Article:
A pressure ulcer is damage to the skin and the deeper layer of tissue under the skin. This happens when pressure is applied to the same area of skin for a period of time and cuts off its blood supply. It is more likely if a person has to stay in a bed or chair for a long time. Pressure ulcers are sometimes called ‘bedsores’ or ‘pressure sores’. 

There are other things that can contribute to the development of pressure ulcers:

Rubbing (shearing) – when layers of skin are forced to slide over one another such as sliding down or being pulled up in a chair or bed

Friction – when the outer layer of skin is rubbed across a surface causing the skin to become damaged

Moisture – if the skin becomes wet it makes the outer layers of skin more likely to breakdown

Anybody can develop a pressure ulcer but some people are more at risk due to various issues such as:

  • Not able to move around as much as usual
  • Staying in bed or a chair for long periods of time and not being able to change position
  • If you have a serious illness
  • If you have a poor appetite
  • If you are incontinent
  • If you cannot feel pain in part or all of your body eg: diabetes or spinal injury
  • Poor circulation
  • If you have had a pressure ulcer before
  • If you are underweight or overweight


  • Red areas on light skin / purple, blue areas on dark skin
  • Swelling
  • Blisters or broken skin

The skin may feel:

  • Hard
  • Warm or hot
  • Swollen
  • Dry
  • Tender
  • Moist

A moisture lesion is caused when the skin becomes soggy and sore due to excess moisture from urine, faeces or perspiration. The skin can break down and become very sore making it more vulnerable to pressure. It is extremely important to keep your skin clean, dry and protected with a barrier cream. 

If you think your skin is getting sore you should inform your District Nurse or GP so that it can be treated quickly. 

A continence assessment may be carried out to ensure you have the right pads or equipment to cope with any incontinence.

You need to check your skin regularly (at least daily) for early damage as this will allow action to be taken to prevent Pressure Ulcers from developing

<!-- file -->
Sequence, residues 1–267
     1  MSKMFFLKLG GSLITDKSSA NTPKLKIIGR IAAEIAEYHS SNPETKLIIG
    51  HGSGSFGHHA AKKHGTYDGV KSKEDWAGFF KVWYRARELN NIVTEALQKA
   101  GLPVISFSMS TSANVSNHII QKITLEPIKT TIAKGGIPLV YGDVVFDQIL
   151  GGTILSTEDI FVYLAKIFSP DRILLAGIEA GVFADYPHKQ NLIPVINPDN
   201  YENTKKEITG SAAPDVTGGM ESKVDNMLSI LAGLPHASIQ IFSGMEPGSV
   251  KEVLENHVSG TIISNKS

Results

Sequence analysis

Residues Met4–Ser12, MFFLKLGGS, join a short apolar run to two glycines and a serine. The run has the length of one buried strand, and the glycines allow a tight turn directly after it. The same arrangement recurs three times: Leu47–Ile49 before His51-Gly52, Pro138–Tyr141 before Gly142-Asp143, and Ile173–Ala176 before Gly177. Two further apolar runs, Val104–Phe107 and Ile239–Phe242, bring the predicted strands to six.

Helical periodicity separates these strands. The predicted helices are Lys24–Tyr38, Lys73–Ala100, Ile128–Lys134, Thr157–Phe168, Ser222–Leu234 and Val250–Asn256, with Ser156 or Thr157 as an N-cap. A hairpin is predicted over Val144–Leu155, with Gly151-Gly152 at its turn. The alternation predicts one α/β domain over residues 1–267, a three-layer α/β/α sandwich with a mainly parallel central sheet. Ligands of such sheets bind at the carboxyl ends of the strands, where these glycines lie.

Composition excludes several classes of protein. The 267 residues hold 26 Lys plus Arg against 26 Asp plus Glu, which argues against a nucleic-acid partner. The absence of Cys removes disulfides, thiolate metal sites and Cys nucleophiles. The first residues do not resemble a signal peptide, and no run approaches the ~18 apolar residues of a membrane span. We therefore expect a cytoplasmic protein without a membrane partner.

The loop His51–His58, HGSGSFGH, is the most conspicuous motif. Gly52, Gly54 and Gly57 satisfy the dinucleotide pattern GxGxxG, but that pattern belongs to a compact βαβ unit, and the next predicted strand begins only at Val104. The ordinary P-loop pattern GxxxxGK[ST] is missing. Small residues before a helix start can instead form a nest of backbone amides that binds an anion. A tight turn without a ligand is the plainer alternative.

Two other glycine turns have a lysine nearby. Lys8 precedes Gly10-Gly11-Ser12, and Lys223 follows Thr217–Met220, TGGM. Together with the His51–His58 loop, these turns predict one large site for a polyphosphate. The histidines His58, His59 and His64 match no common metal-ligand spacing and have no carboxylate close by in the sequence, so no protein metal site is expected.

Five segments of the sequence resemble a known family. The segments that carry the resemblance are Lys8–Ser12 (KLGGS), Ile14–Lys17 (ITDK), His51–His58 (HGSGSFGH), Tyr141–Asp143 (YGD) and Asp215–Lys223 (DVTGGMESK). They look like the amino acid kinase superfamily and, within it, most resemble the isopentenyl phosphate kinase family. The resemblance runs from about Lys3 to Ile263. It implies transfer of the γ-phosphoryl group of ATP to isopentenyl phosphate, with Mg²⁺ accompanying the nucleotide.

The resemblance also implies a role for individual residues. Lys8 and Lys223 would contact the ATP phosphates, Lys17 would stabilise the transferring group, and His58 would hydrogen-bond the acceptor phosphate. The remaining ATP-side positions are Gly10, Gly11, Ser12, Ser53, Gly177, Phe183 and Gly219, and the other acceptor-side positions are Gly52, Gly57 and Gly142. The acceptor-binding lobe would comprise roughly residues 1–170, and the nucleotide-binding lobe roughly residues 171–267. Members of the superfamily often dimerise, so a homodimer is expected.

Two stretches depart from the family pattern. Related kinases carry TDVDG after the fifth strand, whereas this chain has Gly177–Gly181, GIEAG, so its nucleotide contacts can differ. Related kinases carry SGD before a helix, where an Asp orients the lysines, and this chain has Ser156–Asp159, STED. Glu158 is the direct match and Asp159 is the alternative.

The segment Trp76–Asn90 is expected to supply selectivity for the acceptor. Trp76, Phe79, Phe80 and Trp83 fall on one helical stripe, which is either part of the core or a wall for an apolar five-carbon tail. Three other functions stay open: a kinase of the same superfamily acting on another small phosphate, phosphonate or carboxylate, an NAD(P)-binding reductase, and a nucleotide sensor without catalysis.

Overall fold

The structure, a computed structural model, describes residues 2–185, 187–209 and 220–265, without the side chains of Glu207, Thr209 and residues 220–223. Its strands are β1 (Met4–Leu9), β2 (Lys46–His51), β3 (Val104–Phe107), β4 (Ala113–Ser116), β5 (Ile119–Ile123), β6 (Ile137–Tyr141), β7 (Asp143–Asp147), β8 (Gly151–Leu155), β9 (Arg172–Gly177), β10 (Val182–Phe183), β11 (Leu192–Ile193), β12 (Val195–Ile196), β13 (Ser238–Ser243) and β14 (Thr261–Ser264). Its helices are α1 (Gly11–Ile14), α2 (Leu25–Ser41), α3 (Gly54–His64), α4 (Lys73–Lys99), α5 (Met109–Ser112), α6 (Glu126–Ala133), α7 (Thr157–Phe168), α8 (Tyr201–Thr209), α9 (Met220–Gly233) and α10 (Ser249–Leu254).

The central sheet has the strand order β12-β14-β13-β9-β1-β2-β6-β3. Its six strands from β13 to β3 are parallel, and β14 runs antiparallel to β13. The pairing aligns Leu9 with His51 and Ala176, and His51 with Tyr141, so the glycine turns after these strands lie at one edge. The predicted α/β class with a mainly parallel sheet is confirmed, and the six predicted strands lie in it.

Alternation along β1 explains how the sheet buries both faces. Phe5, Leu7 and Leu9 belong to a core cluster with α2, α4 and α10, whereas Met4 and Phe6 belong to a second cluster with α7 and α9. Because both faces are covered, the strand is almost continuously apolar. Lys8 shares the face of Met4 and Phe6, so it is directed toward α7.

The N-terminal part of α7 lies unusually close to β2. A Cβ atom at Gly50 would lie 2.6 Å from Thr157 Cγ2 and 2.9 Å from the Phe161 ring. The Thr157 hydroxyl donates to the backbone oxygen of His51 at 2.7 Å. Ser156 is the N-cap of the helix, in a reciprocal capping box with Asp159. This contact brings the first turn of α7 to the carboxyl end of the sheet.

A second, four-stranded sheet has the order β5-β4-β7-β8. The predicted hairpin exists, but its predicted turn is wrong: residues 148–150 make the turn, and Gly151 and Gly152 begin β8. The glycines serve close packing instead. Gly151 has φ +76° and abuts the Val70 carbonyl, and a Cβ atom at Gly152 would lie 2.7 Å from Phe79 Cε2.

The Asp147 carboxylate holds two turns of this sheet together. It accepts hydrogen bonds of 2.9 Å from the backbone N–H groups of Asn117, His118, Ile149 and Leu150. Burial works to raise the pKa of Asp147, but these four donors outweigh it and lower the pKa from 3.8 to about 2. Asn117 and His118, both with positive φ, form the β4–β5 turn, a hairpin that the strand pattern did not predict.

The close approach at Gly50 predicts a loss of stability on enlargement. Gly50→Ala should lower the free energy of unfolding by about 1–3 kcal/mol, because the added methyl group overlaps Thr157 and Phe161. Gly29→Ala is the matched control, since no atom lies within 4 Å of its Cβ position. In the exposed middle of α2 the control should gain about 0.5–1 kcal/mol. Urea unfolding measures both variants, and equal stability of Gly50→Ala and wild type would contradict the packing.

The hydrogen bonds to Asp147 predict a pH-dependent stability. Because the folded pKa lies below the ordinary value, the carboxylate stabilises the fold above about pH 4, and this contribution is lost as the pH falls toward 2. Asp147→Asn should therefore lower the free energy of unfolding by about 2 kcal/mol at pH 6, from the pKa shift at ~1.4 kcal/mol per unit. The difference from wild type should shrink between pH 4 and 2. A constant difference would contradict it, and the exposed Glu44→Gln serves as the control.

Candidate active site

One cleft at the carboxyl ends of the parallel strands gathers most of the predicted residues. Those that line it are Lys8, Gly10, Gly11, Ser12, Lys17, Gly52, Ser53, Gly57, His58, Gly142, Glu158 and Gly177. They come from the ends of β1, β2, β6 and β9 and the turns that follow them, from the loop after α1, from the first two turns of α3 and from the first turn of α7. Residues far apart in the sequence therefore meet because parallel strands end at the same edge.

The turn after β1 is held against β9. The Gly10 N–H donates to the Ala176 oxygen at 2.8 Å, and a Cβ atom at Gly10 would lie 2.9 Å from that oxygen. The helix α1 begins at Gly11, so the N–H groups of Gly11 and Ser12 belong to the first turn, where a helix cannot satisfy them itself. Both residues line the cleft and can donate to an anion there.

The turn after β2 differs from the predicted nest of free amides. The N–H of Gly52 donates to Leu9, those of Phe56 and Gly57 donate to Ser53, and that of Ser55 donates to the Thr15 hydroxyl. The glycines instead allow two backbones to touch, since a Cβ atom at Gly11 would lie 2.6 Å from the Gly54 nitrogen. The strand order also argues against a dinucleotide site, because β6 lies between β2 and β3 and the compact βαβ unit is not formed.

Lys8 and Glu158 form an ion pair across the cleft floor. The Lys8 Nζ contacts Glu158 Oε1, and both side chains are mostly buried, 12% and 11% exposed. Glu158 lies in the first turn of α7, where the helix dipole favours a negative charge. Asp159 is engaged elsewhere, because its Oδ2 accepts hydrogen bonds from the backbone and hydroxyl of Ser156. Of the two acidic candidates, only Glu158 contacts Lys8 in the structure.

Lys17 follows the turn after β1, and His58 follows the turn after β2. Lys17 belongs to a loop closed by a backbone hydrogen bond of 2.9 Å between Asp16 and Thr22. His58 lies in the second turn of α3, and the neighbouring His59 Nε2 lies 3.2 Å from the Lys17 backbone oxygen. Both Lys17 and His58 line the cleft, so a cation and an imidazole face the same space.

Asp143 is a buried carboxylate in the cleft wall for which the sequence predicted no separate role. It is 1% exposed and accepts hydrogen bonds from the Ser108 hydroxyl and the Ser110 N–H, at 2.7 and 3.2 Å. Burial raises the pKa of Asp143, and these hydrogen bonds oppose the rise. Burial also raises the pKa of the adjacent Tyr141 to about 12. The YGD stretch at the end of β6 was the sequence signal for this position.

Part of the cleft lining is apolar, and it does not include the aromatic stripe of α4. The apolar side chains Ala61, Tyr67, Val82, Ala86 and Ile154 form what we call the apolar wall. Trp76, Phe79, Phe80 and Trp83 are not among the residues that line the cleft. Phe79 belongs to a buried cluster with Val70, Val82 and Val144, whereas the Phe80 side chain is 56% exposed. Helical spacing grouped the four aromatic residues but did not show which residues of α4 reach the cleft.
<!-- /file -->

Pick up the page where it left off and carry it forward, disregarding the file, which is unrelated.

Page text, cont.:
Be aware of your skins normal colour, texture and temperature so that you will notice very quickly any changes

Get your carer to check areas that you can’t see such as back and bottom

Keep your skin clean and dry. If you are washing your skin frequently, use a soap substitute such as an emollient to prevent stripping the skin of its natural protective oils

If you have any incontinence, it is important to protect the skin with a barrier cream which is applied very sparingly after every 3rd episode of incontinence

  • Regular skin checks and report to a Health Care Professional any discolouration or breaks in your skin.
  • Keep skin clean and dry
  • Keep moving – if you are able to, change your position frequently. If you can’t do it on your own ask your carer to assist you
  • Adequate nutrition and fluids are essential to prevent pressure ulcers. 
  • Ensure that you do not wear tight fitting or bulky clothing that may mark your skin. 
  • Heels are very vulnerable to pressure damage so elevating your heels off the bed with a pillow can reduce the risk of damage.

If you are admitted to the Hospice, you will have a comprehensive skin inspection on admission and given appropriate equipment such as pressure relieving mattress and cushion and a care plan will be agreed with you to reduce your risk of developing a Pressure Ulcer or Moisture Lesion.
If you are at home you can contact your GP who will refer you to the District Nursing Service who can come and assess your needs and also provide any equipment or coordinate any care that you may need